The Dvorak layout isn’t about speed so much as comfort. There are tons of arguments out there, but here’s my take: I’m faster on Dvorak than I was on QWERTY, but maybe 10% tops. That’s not worth it. What is worth it is the very significant comfort difference on traditional keyboards. Just look carefully at the layout: it makes sense. Your hands and fingers don’t need to move around nearly as much on Dvorak as they do on QWERTY.

So what’s the deal with traditional keyboards, after I just got done praising the Kinesis super-keyboard? One word: laptops.For desktop machines, no question: the Kinesis Contoured keyboard is the way to go. This keyboard gives you a huge boost in all-day typing comfort and speed. The transition is easy (1-2 weeks), especially if you touch-type already. If you don’t, you’ll learn soon enough.

As for QWERTY vs. Dvorak, if you use a Kinesis I wouldn’t bother switching to the Dvorak layout. But if you use traditional keyboards or laptops frequently, Dvorak makes a lot of sense. Just be ready to tough it out for a couple months — of my many friends who have dabbled with Dvorak, only one stuck with it.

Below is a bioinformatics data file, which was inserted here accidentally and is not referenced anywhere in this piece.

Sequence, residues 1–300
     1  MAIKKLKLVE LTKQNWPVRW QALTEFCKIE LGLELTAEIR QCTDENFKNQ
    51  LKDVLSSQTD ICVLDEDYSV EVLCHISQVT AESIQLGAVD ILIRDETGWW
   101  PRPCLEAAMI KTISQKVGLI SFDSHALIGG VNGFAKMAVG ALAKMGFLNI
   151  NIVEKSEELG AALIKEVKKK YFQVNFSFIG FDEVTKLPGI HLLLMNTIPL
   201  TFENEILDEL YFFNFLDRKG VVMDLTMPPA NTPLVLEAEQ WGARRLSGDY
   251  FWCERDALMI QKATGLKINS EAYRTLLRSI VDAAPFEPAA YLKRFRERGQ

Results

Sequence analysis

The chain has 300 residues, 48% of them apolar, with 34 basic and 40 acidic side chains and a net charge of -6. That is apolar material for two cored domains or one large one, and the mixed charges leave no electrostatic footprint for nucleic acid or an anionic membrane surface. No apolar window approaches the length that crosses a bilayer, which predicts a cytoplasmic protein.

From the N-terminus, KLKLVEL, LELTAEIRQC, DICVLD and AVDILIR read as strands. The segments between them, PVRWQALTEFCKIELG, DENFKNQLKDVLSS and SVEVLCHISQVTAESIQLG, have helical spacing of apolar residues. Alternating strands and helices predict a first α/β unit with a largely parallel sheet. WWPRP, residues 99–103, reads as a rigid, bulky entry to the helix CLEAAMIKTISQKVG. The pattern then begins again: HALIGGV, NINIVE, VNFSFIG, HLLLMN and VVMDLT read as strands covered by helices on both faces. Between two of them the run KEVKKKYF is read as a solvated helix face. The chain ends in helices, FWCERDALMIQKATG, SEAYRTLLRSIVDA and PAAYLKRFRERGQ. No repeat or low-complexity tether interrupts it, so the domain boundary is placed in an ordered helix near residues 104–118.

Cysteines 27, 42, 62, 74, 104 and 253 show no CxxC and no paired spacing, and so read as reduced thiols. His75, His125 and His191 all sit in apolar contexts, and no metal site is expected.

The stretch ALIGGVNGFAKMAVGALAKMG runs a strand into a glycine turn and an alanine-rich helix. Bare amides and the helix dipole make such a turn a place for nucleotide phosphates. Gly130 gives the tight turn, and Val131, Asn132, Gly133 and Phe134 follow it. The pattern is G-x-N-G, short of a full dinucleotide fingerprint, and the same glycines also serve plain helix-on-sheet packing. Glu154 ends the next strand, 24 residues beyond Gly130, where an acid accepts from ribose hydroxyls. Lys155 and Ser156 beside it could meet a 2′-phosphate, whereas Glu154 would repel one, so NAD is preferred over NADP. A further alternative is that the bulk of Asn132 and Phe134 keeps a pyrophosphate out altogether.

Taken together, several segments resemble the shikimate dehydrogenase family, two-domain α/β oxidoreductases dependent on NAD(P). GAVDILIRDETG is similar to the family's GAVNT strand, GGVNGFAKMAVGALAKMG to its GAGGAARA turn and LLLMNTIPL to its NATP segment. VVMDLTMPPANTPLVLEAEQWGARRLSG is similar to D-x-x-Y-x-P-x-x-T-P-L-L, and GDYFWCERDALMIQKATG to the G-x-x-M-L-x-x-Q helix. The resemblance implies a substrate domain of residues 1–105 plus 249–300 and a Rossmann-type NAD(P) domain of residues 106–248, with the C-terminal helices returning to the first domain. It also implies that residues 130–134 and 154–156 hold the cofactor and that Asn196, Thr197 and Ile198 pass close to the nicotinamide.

Software Engineer
Tonya O (USA)
Kinesis Advantage
Kinesis user since 2000

Prior to switching to the Kinesis Advantage I was suffering from a burning sensation in my wrists, most specifically my right wrist caused by repeated reaching for the backspace with my pinky finger, but also in both wrists from holding my 2 middle fingers at a higher “resting” position than the other fingers. I tried several other “ergonomic” keyboards with the split keys, and “wave” design. They all still had the same basic key layout, and flat topography, so my issues were not alleviated. I felt that the concave key topography of the Kinesis keyboard, and the placement of common buttons under the thumbs, would do a better job of alleviating the overuse injuries in my wrists. And I was correct.